Monthly Archives: December 2010

UNESCO World Heritage Site #123: Historic District of Old Quebec

Posted by on December 9, 2010

UNESCO World Heritage Site #123: Historic District of Old Quebec

UNESCO World Heritage Site #123: Historic District of Old Quebec

From the World Heritage inscription:

Québec was founded by the French explorer Champlain in the early 17th century. It is the only North American city to have preserved its ramparts, together with the numerous bastions, gates and defensive works which still surround Old Québec. The Upper Town, built on the cliff, has remained the religious and administrative centre, with its churches, convents and other monuments like the Dauphine Redoubt, the Citadel and Château Frontenac. Together with the Lower Town and its ancient districts, it forms an urban ensemble which is one of the best examples of a fortified colonial city.

Quebec City has quickly become one of my favorite cities in North America. It is the closest you can come to a European city without going to Europe. It is probably the most French city in Quebec. The surrounding area is also lovely and merits exploration.

View my complete list of UNESCO World Heritage Sites

Question & Answers #5

Posted by on December 9, 2010

It has been a long time since I’ve done a Q&A, so I figured now would be a good time to take a break from my photo editing and answer some questions. Questions came from my Facebook Page and from Twitter.


Photography

This photo always bothered me. I felt if I had a better camera or a faster lens, I could have taken better photos of Notre Dame in Paris

This photo always bothered me. I felt if I had a better camera or a faster lens, I could have taken better photos of Notre Dame in Paris

I had several people basically ask the same question. Dana Byers, Lou Lauer, Maureen Billingham from Facebook and Erin De Santaigo from Twitter all want to know what sort of camera gear I use.

For the first 3.5 years of my travels, I used a Nikon D200. About two months ago I upgraded to to the Nikon D300s and so far I’m pleased with the purchase. The low light performance is much better than the D200, which was my biggest complaint with the camera. I was tempted to get a Nikon D3, but I couldn’t justify the cost, in addition to having to replace all my lenses with full frame lenses.

I carry three lenses with me: (more…)

UNESCO World Heritage Site #122: Miguasha National Park

Posted by on December 8, 2010

UNESCO World Heritage Site #122: Miguasha National Park

UNESCO World Heritage Site #122: Miguasha National Park

From the World Heritage inscription:

The palaeontological site of Miguasha National Park, in south-eastern Quebec on the southern coast of the Gaspé peninsula, is considered to be the world’s most outstanding illustration of the Devonian Period known as the ‘Age of Fishes’. Dating from 370 million years ago, the Upper Devonian Escuminac Formation represented here contains five of the six fossil fish groups associated with this period. Its significance stems from the discovery there of the highest number and best-preserved fossil specimens of the lobe-finned fishes that gave rise to the first four-legged, air-breathing terrestrial vertebrates – the tetrapods.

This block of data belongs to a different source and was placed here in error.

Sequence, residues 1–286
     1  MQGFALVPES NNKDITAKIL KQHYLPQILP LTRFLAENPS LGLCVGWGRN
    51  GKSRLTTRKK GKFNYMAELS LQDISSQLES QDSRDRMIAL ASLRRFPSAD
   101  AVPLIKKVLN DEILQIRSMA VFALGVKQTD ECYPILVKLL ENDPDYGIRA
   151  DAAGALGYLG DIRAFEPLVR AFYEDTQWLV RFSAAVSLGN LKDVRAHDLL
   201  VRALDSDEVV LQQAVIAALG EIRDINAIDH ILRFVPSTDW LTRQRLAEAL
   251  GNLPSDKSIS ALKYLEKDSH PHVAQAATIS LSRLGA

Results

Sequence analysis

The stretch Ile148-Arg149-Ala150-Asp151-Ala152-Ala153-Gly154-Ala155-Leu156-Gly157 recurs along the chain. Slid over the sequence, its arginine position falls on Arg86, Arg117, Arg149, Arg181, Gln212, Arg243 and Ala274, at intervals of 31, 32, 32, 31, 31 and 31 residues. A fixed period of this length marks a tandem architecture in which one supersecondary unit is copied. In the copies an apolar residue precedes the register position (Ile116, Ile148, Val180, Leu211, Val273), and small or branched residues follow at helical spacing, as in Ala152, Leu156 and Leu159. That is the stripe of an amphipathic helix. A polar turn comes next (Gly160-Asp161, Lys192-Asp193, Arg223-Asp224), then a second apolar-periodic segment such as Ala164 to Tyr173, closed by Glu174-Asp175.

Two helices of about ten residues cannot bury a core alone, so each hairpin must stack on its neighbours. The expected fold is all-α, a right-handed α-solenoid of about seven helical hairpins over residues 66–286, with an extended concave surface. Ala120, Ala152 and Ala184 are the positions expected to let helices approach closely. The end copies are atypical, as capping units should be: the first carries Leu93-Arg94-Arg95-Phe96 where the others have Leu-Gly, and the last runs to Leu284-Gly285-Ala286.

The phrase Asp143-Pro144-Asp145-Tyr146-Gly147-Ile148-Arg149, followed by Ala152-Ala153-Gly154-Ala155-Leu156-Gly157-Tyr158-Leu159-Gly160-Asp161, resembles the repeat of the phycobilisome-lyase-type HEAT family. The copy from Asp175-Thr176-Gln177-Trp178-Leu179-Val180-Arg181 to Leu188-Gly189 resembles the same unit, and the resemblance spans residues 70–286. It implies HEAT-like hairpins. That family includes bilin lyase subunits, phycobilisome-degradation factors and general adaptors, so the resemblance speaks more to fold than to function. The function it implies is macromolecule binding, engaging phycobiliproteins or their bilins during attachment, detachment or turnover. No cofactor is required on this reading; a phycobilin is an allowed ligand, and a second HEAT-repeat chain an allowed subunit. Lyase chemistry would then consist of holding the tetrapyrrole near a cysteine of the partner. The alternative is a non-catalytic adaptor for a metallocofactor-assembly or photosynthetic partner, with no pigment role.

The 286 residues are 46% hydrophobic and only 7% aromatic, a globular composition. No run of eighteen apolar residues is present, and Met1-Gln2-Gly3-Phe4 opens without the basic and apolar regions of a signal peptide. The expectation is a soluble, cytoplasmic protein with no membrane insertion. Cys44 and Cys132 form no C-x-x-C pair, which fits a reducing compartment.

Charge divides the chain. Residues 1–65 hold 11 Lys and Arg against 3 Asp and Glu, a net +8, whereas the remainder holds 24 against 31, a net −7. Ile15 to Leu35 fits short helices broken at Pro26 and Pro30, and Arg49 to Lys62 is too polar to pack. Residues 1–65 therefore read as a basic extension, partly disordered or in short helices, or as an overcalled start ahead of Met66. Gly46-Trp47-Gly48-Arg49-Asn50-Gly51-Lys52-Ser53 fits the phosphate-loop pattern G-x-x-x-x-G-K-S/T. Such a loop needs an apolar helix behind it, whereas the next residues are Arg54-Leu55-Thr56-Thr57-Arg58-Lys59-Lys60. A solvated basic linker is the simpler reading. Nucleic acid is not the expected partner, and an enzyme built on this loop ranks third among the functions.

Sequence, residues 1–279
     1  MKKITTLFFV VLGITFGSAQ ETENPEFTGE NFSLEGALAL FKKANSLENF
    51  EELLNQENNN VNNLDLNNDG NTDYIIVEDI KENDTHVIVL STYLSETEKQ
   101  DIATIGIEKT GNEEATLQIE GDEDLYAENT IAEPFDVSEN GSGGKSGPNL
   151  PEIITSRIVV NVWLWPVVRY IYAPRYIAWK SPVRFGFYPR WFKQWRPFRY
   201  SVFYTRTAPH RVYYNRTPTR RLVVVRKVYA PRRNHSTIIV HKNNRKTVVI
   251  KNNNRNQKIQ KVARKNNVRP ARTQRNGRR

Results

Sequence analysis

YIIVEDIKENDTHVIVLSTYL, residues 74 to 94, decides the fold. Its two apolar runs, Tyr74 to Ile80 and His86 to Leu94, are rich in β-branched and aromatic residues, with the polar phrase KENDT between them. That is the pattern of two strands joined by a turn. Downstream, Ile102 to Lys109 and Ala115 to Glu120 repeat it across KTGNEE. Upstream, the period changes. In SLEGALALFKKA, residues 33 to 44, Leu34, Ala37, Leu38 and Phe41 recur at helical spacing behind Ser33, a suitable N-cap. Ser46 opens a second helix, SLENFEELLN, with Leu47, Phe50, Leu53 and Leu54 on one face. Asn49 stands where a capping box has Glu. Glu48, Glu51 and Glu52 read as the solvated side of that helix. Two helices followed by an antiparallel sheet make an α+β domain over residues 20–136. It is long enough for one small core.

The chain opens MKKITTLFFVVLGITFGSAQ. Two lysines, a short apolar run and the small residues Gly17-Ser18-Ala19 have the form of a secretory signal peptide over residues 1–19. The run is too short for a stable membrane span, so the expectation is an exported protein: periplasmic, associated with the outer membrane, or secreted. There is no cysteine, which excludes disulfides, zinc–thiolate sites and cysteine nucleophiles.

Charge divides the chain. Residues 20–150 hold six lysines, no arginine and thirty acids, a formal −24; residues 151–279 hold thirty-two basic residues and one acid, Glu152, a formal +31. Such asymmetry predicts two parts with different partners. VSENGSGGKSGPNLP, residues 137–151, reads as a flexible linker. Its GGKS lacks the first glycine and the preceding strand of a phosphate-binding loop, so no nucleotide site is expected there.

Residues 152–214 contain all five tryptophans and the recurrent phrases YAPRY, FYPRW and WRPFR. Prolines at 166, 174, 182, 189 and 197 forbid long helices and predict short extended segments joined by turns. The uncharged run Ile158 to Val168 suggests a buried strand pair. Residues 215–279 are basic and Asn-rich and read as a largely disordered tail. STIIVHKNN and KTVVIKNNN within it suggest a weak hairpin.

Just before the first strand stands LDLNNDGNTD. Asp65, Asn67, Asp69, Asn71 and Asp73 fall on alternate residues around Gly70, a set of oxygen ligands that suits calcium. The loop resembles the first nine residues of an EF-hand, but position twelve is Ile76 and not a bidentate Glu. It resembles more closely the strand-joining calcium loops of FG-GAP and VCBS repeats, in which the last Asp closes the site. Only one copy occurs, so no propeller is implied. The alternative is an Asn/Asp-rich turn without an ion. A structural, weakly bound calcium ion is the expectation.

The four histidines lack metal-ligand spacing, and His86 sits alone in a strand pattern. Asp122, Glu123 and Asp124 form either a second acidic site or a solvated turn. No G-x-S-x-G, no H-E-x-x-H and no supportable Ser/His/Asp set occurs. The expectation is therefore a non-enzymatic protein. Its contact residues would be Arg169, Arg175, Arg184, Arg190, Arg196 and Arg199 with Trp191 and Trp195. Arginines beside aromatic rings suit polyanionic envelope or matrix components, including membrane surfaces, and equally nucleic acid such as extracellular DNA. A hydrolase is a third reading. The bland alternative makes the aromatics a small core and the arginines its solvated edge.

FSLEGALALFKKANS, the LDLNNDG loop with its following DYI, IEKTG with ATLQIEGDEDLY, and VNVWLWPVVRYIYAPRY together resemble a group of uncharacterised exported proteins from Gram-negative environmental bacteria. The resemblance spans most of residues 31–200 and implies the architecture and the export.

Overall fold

It is always difficult to photograph world heritage sites that are of paleontological or anthropological significance. You can’t take photos of fossils in situ. Taking photos of a museum isn’t that interesting. Thankfully, Miguasha is located on the very beautiful boundary between the St. Lawrence river and the ocean.

View my complete list of UNESCO World Heritage Sites

UNESCO World Heritage Site #121: L’Anse aux Meadows

Posted by on December 7, 2010

UNESCO World Heritage Site #121: L'Anse aux Meadows

UNESCO World Heritage Site #121: L'Anse aux Meadows

From the World Heritage inscription:

This archaeological site at the tip of the Great Northern Peninsula of the island of Newfoundland contains the excavated remains of an 11th century Viking settlement consisting of timber-framed turf buildings (houses, workshops, etc.) that are identical with those found in Norse Greenland and Iceland at the same period. The site is thus unique evidence of the earliest known European presence on the American continent.

It is a difficult journey to get to L’Anse aux Meadows. It is a 3-4 hour drive from the nearest city of note in Newfoundland and it is at the most extreme northern tip of the island. Once you get there, the only evidence of the original settlers are some small mounds in the shape of a house. The current buildings are reconstructions based on what they think the buildings would have looked like.

That being said, the historical significance of this place can’t be understated. This is where humanity first met up after going in different directions after leaving Africa. It was the first time Europeans set foot in North America and was the precursor to the eventual colonization of the continent by Europe.

View my complete list of UNESCO World Heritage Sites